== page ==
So, you’ve finished your initial 200 hour yoga teacher training. Congratulations! You’ve got the certification in your hand and found somewhere to teach. Now you have to get up in front of a group and lead a yoga practice. Terrifying, right? I thought so too, but I promise it’s not anywhere near as scary as you think it is. Take a deep breath, make a plan, and enjoy yourself.
- Breathe. Just breathe.
Yoga students can smell your fear. It’s normal to be nervous, but don’t let it overcome you. I spend a lot of time reminding my students to breathe and then often forget myself! Public speaking is not something that comes naturally to everyone, but it is a skill that everybody can develop through practice. I needed to practice with close friends again and again before I felt like I was starting to get a handle on my nerves. The more you practice, the more comfortable you will become.
- Never apologise.
There’s a good chance you might slip up – get your left foot confused with your right, miss a pose in your carefully designed class plan, forget what that thing connecting your head to your shoulders is called, but don’t panic. Smile at your students and laugh. Never apologise. Of course it's instinctual, to say you're sorry, but try to get out of the habit when you're leading a class. I have, on occasion, seen some of the most efficient yoga teachers I know lose their way. Everybody makes mistakes.The majority of the time, your students won’t even notice.
- Keep it simple.
You’re new. No one expects you to be teaching complicated classes. I know it's tempting to be creative, but don't get carried away. The more intricate your flow, the more opportunity there is for you to make mistakes, forget what you’re doing, mix up your left and your right, or just simply have a nervous breakdown mid-class. The first time I constructed a class, I tried running through it myself and quickly realised that I was pushing myself too hard, let alone any prospective students.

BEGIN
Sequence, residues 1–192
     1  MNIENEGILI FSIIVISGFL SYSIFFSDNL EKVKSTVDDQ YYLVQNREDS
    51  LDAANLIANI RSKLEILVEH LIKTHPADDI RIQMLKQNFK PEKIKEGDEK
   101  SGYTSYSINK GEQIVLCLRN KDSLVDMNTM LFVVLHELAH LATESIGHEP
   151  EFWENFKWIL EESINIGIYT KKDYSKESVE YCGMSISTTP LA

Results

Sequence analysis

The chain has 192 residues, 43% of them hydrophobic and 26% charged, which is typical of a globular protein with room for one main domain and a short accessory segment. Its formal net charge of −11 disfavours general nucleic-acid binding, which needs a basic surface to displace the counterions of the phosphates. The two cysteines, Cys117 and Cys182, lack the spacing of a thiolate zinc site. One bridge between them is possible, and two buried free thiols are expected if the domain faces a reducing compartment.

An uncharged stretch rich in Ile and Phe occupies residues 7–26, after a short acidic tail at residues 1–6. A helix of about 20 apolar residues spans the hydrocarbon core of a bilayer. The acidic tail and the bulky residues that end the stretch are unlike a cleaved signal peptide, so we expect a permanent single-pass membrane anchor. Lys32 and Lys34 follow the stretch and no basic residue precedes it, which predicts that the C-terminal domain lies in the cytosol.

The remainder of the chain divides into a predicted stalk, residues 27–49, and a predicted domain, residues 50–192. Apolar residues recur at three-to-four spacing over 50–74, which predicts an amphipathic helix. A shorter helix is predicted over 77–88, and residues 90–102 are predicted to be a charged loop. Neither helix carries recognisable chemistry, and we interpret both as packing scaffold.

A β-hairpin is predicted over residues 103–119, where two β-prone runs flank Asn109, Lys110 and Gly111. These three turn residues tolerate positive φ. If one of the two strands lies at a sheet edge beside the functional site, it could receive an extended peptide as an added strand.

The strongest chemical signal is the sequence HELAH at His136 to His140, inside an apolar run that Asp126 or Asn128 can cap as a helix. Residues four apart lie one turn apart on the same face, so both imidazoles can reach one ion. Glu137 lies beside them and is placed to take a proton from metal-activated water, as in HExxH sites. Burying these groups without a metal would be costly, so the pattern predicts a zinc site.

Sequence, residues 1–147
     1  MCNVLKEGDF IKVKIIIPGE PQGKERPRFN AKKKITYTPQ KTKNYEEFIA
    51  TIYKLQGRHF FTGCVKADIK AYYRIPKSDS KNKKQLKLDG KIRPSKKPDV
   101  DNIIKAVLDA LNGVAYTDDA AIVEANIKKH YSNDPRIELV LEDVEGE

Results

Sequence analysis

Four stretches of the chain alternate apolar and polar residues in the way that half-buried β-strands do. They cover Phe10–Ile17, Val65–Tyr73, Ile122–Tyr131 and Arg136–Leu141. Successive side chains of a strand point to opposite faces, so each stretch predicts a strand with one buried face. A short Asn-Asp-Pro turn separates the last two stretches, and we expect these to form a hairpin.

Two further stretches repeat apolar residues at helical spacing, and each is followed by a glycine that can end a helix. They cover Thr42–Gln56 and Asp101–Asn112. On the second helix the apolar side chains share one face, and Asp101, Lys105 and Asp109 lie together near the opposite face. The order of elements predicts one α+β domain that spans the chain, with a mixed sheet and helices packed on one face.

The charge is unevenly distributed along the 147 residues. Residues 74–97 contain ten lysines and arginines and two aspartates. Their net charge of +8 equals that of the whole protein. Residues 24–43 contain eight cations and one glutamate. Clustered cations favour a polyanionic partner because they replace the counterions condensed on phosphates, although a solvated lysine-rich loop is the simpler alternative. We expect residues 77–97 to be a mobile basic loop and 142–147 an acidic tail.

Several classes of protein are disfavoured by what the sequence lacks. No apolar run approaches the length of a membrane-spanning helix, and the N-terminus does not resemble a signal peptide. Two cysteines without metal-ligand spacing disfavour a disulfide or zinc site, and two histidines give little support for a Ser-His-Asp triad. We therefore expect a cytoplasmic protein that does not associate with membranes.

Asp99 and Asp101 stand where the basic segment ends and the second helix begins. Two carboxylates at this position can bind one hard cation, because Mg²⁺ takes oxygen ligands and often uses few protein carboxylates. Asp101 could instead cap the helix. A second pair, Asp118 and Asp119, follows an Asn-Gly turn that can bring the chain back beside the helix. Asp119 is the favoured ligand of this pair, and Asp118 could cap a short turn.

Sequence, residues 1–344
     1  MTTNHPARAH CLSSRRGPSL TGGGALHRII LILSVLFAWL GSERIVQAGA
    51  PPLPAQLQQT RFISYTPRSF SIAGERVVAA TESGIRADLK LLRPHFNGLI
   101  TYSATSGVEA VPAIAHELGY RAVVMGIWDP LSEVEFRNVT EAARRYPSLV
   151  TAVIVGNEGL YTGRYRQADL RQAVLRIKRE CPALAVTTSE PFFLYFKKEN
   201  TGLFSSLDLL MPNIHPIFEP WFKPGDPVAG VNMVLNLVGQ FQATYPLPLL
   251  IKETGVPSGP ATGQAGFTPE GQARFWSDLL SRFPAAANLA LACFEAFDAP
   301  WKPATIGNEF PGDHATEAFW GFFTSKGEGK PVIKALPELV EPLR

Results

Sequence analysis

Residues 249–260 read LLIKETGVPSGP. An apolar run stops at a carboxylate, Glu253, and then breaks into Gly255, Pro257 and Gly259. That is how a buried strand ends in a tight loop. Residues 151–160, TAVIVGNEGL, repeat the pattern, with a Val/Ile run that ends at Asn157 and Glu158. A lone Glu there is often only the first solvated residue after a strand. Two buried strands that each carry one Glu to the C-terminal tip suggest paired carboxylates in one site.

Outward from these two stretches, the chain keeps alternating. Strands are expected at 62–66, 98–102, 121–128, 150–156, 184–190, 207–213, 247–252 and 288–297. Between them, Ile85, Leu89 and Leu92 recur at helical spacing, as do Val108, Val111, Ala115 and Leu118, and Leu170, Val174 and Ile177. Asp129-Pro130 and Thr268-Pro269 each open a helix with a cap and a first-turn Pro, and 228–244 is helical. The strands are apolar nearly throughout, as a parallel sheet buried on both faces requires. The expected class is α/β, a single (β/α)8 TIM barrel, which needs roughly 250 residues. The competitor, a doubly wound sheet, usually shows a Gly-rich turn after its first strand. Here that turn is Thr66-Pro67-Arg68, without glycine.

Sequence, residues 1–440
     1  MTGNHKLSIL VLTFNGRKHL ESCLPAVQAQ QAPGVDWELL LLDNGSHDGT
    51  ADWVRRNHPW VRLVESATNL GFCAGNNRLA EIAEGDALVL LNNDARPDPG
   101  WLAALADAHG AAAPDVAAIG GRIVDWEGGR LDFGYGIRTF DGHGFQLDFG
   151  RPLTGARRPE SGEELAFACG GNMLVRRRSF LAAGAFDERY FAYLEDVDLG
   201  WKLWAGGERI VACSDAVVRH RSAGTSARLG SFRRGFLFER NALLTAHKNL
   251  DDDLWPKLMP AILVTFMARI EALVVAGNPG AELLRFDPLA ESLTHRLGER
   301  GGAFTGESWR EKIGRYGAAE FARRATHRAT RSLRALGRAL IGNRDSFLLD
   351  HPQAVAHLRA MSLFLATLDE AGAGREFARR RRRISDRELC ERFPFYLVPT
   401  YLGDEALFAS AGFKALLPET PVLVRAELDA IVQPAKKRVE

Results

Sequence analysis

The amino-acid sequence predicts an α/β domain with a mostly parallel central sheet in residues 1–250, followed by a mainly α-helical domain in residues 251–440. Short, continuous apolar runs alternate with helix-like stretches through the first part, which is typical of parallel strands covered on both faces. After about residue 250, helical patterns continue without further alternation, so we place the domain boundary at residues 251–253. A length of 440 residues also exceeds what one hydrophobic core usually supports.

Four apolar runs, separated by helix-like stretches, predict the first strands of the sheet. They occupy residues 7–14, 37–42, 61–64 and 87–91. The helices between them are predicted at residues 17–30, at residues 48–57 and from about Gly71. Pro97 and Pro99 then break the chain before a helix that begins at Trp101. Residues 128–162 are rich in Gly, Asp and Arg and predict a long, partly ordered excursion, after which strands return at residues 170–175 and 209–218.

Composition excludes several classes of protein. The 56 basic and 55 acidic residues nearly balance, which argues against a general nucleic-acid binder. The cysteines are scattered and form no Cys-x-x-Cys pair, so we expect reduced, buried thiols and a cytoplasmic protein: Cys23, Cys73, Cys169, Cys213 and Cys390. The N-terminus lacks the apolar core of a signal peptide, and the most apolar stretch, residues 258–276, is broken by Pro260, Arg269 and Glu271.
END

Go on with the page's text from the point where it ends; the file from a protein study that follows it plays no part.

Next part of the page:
- Don’t be too proud to have a plan.
Even the best yoga teachers go into classes with a plan. Experienced teachers will have sequences that they know like the back of their hand and so formulating a class is fairly easy, but as you start out, you will need to put a lot of thought into the structure of your class. I like to have a brief plan written out in a small notebook to keep beside my mat at the front of the class, just in case I get lost and need a quick reminder of what comes next.
- Teach what you practice.
The most important piece of advice I learned during my teacher training was the mantra, "Teach what you practice." Everyone has their limitations, even yoga teachers! A pivotal moment for me in training was when our anatomy teacher demonstrated that, due to the length of his torso, he was unable to do Parivritta Parsvakonasana (revolved side angle). It doesn’t matter how flexible or strong you are, there are just some poses that you may never achieve due to your body type. If you don’t practice Headstand, don’t teach it. If you are not flexible enough to do the splits, don’t teach it. If you don’t have the hip rotation to do Lotus, don’t teach it. It’s not just about demonstrating a pose; it’s also a matter of knowing the asana well enough in your own body to be able to ensure the safety of your students.